A major challenge came during the economic downturn in the late 2000s, when budget cutbacks and large-scale attrition significantly reduced the department’s ranks.
“We had a collective job to ensure we were still providing the highest levels of service to the community,” Manley said. “We also had to rebuild a culture in the police department, not unlike what we are doing here at USC — to strengthen the foundation, renew the mission and vision and create new policies and best practices.”
In those times of uncertainty and anxiety, he said it proved critical to be open and accessible to others in the department and community. He made it a point to regularly visit shift briefings with officers, pledging to answer tough questions and share any information he could about challenges and the department’s plans moving forward.
“I really cut my teeth on crisis management and communication,” he said. “I’m a firm believer that necessity is the mother of invention. It’s in those moments of crisis where you see the necessity and you respond with invention.”
New USC professionalism and ethics director stresses integrity
Manley plans to bring that same mind set of collaboration and innovation to his role with the USC Office of Professionalism of Ethics.
“This office was created to address challenges in a new and creative way and to maintain a high level of communication, accountability and transparency,” he said. “As we move forward and look at metrics for success over the next year or two, my hope is that this becomes an office that other universities across the country look to model as a success story.”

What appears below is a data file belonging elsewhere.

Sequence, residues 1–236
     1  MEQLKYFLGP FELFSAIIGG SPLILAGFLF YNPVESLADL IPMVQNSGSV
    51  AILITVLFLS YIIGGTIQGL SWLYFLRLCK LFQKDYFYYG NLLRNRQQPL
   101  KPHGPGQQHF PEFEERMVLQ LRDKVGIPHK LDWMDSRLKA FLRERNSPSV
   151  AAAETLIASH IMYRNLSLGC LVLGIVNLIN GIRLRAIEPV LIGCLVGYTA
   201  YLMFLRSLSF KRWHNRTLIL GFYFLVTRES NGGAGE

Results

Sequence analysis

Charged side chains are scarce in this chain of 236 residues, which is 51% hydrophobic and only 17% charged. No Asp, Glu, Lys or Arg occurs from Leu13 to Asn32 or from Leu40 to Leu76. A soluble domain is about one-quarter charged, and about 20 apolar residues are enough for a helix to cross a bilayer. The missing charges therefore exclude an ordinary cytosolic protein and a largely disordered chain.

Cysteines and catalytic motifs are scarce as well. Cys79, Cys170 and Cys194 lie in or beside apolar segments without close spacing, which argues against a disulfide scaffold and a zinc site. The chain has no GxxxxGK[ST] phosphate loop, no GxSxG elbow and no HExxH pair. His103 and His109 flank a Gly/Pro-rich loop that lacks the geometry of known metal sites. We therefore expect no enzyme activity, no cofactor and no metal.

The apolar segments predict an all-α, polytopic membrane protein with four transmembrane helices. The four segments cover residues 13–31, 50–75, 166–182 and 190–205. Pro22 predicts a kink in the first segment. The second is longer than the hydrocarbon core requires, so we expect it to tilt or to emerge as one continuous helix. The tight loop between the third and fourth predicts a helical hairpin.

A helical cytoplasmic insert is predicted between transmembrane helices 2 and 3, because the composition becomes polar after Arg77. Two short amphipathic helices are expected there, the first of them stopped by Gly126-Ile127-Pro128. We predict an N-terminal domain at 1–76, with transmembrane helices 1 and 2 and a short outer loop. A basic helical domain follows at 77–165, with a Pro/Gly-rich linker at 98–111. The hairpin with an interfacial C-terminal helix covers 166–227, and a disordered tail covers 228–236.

His main priority, along with continuing to build the office’s staff, is to launch in the very near future a centralized database to monitor complaints and the progress of investigations. The university-wide software system will bring human resources offices and all investigative units, such as Title IX, Office of Equity and Diversity, Office of Compliance and Office of Athletic Compliance, together on a single software platform. The tool will allow those departments to track and manage their individual complaints.
“It will also allow our office to globally view the entire system to get a snapshot of what’s happening at the university,” Manley said. “Not only will we look to create efficiencies with our investigations, but we will ensure nothing falls through the cracks. With the use of the big data we will accumulate, it will also allow us to be more proactive and look for areas of risk we can address.”
Manley also talks regularly with faculty, staff and students about the office’s capabilities and services — an effort started by his supervisor, Michael Blanton, USC’s vice president for professionalism and ethics.
“There’s a sense of eagerness to see what this office can do,” Manley said. “During uncertain times, any kind of change can be unsettling, but we have largely been met with support and enthusiasm, and that is exciting.”
By Eric Lindberg